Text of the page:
What material is the crown made of?
Wood – Cope (unless painting)
MDF – Miter
Will the crown be stained or painted?
Stain – Cope
Paint – Miter
Adjusting for out of plumb?
Not a lot you can do about the ceiling except use a sander to trim the back of the crown or if it’s a lighter material bend it to position.
Coping, closing your corners?
Cope the crown in position. If you’re laying it flat then the top corners will never match because you’re ignoring the spring angle when coping.
92 degree wall – How to measure Miter?
Assuming you’re using a crown jig (otherwise becomes compound angles) you have the crown body to your left meaning you’re cutting the right edge of the crown.
The actual angle that you’re dealing with is 360 degrees, but your saw and the walls reduce it to a manageable 270/180/90. 270 is an outside corner, 180 is a flat wall and 90 is an inside corner.
Now picture a circle, a pizza works well for this. If the wall is greedy it takes up most of the pizza, leaving you with one quarter or 90 degrees. If the wall is a nice guy then it leaves you most of the pizza or 270 degrees.
The miter saw lets you decide if the wall should get most of the pizza or if you should. Equal (0 degree miter) is a flat cut. Unless you’re coping, sadly you’ll never use this setting, but then again life is rarely fair for you or walls.
The bulk of your work piece is to your left, meaning it will occupy the right side of an angle. We’ll stick with the pizza thing because it’s near lunch. So, the pizza is to your left and you want to be a nice guy so you give most of the pie to the wall by moving the miter to the left. If you’re feeling like a jerk then take most of it by moving the miter to the right. The exact opposite is true if the pizza is to your right, left to take more and right to take less.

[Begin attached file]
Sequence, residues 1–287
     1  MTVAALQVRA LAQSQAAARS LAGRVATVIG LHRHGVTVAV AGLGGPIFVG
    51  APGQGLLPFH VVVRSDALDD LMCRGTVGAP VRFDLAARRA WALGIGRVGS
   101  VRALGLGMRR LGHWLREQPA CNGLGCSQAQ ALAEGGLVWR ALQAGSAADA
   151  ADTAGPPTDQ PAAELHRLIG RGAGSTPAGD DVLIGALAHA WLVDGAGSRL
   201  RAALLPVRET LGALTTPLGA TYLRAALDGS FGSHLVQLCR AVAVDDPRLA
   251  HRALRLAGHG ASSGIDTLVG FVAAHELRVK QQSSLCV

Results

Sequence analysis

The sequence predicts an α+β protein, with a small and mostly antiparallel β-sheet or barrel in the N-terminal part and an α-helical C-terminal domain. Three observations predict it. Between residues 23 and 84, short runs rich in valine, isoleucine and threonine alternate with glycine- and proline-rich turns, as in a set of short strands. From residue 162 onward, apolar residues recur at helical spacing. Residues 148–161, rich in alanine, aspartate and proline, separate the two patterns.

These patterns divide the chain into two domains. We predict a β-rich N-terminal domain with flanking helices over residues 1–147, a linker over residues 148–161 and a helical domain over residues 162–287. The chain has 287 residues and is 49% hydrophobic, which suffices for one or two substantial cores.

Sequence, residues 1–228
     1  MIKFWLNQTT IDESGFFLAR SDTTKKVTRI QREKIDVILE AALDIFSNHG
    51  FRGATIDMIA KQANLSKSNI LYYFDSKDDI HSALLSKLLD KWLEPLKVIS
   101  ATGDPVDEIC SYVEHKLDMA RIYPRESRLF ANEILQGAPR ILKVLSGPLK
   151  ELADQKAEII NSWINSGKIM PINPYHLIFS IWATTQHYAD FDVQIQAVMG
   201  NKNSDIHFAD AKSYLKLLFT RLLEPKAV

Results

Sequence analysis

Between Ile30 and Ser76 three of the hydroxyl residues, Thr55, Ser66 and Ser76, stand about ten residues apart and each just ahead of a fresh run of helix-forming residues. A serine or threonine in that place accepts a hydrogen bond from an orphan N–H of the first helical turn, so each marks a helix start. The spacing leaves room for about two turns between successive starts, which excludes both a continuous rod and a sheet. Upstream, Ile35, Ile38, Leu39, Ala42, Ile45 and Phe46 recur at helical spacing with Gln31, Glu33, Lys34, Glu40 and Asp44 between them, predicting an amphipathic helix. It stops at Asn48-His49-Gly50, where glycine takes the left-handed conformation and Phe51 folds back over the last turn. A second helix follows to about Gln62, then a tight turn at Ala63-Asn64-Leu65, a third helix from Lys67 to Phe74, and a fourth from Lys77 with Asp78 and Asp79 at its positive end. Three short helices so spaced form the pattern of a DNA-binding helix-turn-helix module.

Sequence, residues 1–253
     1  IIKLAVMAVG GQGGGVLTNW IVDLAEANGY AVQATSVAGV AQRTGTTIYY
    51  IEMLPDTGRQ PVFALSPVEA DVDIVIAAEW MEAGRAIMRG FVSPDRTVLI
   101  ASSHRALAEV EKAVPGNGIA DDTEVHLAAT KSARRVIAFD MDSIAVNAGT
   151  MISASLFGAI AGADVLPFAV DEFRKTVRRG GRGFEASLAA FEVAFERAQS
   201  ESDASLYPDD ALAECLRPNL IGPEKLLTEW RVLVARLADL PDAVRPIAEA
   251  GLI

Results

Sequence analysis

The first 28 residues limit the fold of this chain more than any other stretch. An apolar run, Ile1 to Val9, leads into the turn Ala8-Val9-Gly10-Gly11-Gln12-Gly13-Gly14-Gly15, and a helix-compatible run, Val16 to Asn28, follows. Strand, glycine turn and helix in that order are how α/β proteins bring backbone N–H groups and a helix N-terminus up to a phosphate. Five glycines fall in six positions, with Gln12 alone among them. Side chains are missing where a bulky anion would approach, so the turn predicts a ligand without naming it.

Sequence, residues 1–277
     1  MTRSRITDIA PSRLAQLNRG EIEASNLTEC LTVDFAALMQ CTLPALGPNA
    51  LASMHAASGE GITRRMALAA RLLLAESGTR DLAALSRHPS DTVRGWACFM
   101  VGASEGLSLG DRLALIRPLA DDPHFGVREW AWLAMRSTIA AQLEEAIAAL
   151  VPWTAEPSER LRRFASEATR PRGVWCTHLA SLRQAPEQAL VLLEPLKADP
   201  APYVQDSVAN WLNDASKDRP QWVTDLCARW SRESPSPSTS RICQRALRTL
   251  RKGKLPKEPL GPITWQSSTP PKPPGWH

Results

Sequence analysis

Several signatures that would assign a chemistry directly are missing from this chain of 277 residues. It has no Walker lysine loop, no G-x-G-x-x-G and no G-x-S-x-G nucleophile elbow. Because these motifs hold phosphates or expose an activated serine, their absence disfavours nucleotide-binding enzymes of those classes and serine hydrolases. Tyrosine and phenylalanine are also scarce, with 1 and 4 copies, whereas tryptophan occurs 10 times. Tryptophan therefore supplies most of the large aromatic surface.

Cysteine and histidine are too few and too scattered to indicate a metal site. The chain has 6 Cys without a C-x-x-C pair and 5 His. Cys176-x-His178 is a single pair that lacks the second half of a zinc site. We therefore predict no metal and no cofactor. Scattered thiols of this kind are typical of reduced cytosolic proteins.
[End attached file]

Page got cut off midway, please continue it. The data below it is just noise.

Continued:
At this time I suggest using a mimetic to help yourself out. I don’t have a good one so you can just scream “screw you wall” if you’re going to take most of the pizza (outside corner) or “okay, this time you get it all” if you’re giving the wall most of it (inside corner)
So, joking aside your angles are either 90 degrees of the circle representing an inside corner or 270 degrees for an outside. A flat piece is always 180. You’re either subtracting from that 180 to make an inside corner or adding to make an outside.
A perfect outside corner is 180+90 = 270
A perfect inside corner is 180-90=90
So if your inside wall is a little open, say the 92 degrees you had, the angle is 180-92=88. Divided by 2 your miter angle is 44. If the wall is just a bit closed, say 88 degrees then that angle becomes 46.
Outside corners work in the exact opposite direction. A slightly smaller than 90 degree wall means you need a bit more to 180 to make the angle fit. An outside corner that shows on a protractor as 88 degrees means the actual angle is 360-88 (occupied space) so 272. 180 is always fixed so 272-180=92. Divide that by two and you get a miter angle of 46 degrees. A corner that is a bit fatter decreases the cut angle to 44.
Other things to consider
If you’re using a painted pine or mdf you can always use caulk to close mitered joints. If it’s a stained wood things are a little more delicate. You can use stainable wood filler or a filler stick, but your corners have to allow for minor wood movement. Also, with an imperfect cope you still get one great view angle and one so-so angle. With an imperfect miter you get nothing but bad viewing angles.